Nicola is now living in supported accommodation and volunteers in a charity shop in St Albans and in the community allotment and café.

Freeman said some things have been affected to a lesser extent or in strange ways.

“She cannot manage her own finances without support, but doesn’t binge shop anymore,” he said.

“She takes longer to process some information and thinks she has understood, but not as was expected.

He added that she can crossroads and usually follows familiar routes, but not always, and often does not allow enough time for her journey.

“Life isn’t as it might have been, but there’s still things to do in the next six and 12 months. 

“She still needs support to build towards working and increasing independence but we keep going forward.”

‘Phenomenal’ healthcare

Freeman praised the healthcare professionals that helped Nicola rebuild her health and life.

“The hundreds of people in team Nicki have been phenomenal,” he said.

“In reality, you know resources are limited and time and money spent on Nicki isn’t available for someone else who could benefit more. What I do know is that every penny spent on rehab saves pounds in the future, so it is a real investment to spend on rehab.”

He stressed that it is so important to “keep seeing the positives and use that to get your loved ones the resources they need”.

But he warned other families not to blame the staff “if they can’t wave a magic wand”, however hard that is.

“Be the most effective advocate you can be for your loved one and build a team around you to do that,” Freeman said.

Advice for families

NR Times asked Freeman to share some advice for families of those with brain injuries.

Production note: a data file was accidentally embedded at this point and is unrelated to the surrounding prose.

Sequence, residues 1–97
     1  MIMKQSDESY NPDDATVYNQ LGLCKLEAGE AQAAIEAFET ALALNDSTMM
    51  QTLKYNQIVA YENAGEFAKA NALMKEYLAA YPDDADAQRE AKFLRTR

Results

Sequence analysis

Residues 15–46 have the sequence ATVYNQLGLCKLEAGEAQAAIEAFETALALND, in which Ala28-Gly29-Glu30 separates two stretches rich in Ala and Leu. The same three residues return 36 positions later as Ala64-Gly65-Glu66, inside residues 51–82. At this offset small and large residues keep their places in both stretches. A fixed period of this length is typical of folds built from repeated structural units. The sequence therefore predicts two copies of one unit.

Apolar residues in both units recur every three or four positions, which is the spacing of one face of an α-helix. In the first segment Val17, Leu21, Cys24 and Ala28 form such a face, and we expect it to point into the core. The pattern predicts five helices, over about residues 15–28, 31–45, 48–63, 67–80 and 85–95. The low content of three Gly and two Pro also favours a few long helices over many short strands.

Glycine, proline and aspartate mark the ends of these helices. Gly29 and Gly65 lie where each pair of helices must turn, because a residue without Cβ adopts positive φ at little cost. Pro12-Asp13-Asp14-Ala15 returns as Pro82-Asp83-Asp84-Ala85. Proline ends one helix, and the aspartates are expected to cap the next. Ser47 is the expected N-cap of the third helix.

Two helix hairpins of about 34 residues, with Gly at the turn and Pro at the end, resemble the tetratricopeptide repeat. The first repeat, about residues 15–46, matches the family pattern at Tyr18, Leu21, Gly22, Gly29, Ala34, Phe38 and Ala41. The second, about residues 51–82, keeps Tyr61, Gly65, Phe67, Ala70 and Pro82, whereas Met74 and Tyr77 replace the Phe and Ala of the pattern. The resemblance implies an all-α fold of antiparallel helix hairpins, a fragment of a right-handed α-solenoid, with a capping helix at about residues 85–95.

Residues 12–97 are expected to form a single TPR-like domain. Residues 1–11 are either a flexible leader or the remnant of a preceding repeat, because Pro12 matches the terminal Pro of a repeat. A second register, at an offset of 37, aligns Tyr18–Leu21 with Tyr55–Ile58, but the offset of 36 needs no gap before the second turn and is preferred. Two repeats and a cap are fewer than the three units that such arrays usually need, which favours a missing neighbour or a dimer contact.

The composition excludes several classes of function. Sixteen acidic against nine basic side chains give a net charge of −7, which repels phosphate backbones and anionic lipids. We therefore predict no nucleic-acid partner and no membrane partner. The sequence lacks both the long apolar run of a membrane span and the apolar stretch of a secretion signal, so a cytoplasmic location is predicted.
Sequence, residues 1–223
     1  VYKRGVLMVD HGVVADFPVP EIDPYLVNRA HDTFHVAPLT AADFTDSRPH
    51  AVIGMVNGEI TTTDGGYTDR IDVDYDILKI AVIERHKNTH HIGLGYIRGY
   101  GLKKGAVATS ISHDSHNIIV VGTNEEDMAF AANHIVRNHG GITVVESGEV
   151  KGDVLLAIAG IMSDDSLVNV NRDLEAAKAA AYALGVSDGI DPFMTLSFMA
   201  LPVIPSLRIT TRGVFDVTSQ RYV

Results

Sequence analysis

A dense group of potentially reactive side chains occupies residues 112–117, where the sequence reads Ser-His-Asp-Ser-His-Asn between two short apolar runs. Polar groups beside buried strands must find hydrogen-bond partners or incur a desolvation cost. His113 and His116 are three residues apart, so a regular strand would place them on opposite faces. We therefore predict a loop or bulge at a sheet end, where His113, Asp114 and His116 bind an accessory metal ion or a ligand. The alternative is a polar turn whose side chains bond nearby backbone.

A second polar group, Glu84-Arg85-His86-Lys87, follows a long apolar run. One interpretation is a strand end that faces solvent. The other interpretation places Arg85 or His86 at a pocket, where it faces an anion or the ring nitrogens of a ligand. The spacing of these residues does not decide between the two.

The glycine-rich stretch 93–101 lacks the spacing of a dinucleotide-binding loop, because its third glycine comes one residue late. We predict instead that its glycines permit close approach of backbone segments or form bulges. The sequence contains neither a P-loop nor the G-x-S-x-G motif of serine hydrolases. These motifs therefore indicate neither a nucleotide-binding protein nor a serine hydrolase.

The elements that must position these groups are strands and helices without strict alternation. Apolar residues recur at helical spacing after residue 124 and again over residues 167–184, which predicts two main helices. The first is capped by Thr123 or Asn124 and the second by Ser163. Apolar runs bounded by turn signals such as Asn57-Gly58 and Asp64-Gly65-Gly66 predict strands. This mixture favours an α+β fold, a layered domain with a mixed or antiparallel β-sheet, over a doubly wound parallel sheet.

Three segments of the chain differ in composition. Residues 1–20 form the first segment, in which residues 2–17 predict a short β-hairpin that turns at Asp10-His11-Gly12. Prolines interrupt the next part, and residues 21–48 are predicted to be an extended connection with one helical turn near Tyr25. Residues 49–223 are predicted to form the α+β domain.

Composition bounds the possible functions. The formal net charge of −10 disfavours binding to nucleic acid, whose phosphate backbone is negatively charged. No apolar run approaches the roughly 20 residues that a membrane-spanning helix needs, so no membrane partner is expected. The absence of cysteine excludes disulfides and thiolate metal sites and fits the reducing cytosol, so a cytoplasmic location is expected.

“Don’t panic and somehow be patient in the worst circumstances you can imagine. Build your trust in the team caring for your loved one, they are on your side,” he said.

“Don’t look back before the injury, that is the past you can’t go back and you can’t change what happened. You have today and the future, so use that time wisely.

“Be honest with yourself, it will never be as it was before, no one knows if your loved one will survive, or how much they will recover.

“We discussed organ donation as a family as we knew it was Nicki’s wish and then got on with the next hour, day, week as they came along.”

He added: “We were advised to always look forward 6 and 12 months from now and see where we had reached then and how far that was from today. That’s still important after 12 years.”

New opportunities

Freeman said Nicola and her family have taken every opportunity to do things she would not have done before.

She has met the Countess of Wessex, president of the Royal College of Speech and Language Therapists, received her Gold DofE from the Earl of Wessex, visited 10 Downing Street and compared survivor tales with Olympic rower James Cracknell.

She has spoken about her recovery at charity events, been in the BBC documentary series ‘The Unbreakables’ and went to the awards ceremony with the producers and met comedian Lenny Henry.

She has been on the set of BBC drama Call the Midwife, on screen in Fatal White and Then Barbara Met Alan, and into parliament to lobby her MP on access to specialist schools and colleges and neuro-rehab.

Nicola has also met Alan Titchmarsh, Jo David, Emilia Fox, Laura Main, Jenny Agutter, Liz Carr and Ruth Madeley.

“So, she has been able to see the positives in her recovery and stay optimistic for the future,” her father said.